stepups, etc. I have cut my running volume down about half (use an indoor track at a gym) and do more intervals. I do not like treadmills and never suggest buying one - they are expensive, take up a lot of space and end up as clothes hangars. I swim in the gym pool 3 times a week. I am lucky to have a community fitness gym close by with pool, track and weight/machines, one treadmill and a couple bikes, for only $140/year at a local high school). I am anticipating that my race pace will be better doing x-training than if I had just slogged and slipped through the ice and snow for the next 4-5 months.
Get geared up with wicking underlayers. My greatest success came from compression clothing as an underlayer, then my regular tech-t, a warm wicking overlayer. Keep wind resistent pants and top around (should be light windbreaker type) for the high wind and/or wet days. Trail shoes are best in city or town running when snow or ice are present (assuming you know how to safely cross such things). Be sure to have good wind breaking shells for outer gloves and wicking compression gloves under that.
As for breathing cold air? There are ways to handle it, but better talk to your doctor first. No way for us to know your medical history, and best discussed with med pro.
On top of everything, be sure to select a route as you acclimate that allows you to get someplace safe and warm in case anything (cramps, bathroom, God Forbid injury) should happen. Leave the phone at home, it HATES the extreme cold.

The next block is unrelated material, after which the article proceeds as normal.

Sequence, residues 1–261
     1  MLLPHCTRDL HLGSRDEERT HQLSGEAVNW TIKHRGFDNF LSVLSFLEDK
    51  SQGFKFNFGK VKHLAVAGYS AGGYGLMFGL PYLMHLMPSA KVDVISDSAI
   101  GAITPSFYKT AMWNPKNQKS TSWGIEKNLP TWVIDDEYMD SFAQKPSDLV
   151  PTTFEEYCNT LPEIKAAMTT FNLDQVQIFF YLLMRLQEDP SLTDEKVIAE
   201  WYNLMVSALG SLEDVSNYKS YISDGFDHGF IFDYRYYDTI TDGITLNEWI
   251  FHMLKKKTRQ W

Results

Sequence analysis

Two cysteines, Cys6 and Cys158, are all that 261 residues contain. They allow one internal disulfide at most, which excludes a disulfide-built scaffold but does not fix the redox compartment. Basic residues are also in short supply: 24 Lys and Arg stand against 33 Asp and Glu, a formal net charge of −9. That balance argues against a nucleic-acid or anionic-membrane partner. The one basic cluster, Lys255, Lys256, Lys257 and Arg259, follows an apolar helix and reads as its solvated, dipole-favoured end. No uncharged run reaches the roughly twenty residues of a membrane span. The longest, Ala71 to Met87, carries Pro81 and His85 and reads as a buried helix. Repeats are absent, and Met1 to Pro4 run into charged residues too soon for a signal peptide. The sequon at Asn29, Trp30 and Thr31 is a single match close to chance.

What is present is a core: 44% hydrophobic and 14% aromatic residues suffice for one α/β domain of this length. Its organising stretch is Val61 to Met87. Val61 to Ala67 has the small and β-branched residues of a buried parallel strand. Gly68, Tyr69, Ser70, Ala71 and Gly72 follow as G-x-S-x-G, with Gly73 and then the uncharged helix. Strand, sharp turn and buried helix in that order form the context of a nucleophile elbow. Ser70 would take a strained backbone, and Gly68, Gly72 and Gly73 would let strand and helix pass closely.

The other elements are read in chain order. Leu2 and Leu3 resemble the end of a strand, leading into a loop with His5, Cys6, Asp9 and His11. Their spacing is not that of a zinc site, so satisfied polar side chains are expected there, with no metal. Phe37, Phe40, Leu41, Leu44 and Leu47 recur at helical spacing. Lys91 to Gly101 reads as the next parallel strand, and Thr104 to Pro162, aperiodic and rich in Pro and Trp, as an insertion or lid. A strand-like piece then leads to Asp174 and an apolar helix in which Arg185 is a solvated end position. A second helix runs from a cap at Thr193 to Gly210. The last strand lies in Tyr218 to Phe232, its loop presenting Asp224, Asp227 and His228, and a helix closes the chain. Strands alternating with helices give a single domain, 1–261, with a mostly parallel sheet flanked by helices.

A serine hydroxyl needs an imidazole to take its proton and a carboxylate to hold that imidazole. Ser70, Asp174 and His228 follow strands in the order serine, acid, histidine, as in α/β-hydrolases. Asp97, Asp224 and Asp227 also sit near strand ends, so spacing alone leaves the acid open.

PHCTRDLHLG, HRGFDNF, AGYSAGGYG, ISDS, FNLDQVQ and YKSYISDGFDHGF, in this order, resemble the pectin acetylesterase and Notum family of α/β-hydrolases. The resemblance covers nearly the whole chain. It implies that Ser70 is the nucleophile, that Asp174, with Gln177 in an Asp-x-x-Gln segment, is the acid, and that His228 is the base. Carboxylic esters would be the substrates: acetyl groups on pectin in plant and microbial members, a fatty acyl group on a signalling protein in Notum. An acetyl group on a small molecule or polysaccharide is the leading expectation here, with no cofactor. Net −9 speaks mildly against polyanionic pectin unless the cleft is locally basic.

Above all else, enjoy the run. If you aren't then don't do it and try your best to cross-train.
SummerFest - Rock 'n Sole Half-Marathon:
I run year round. I live in a Chicago suburb. Layers are key once the temps drop. The worst park of winter running for me is the wind chill. I use head bands to over ears and my neck. I use yax trax if its really icy out. I also have a pair of Salomon goretex shoes. They keep my feet warm but they are heavier than my usual shoes so I cannot run as far in them.
You could always run on a dreadmill. But I don't like that.
I read an article from Active.com that talked about how to keep running in the cold and one thing they recommended is a five minute walk/warm up to get your lungs acclimated to the cold air. I always start that way and I haven't had any trouble with my lungs.
Also, I hardly feel the cold after that first 1/2 mile. By three I am positively toasty!
Hi. Hope you're making out ok so far this winter. In the NE, it's been pretty mild so far. I would second the use of a balaclava. They're great when the weather is sub-freezing and there's a wind. They often come in a very thin fabric which can make breathing much easier. I use one for winter sports. As for layering, I have no use for this practice. Every time I do, my inner layer gets trapped with perspiration and then wets me and the other layers and I freeze even more. The only solution I've found has been to have only one heavy layer or, two the most, make sure the air hits me to "wick away" the moisture, and, in worst case, stop to change shirts or to turn the shirts inside out.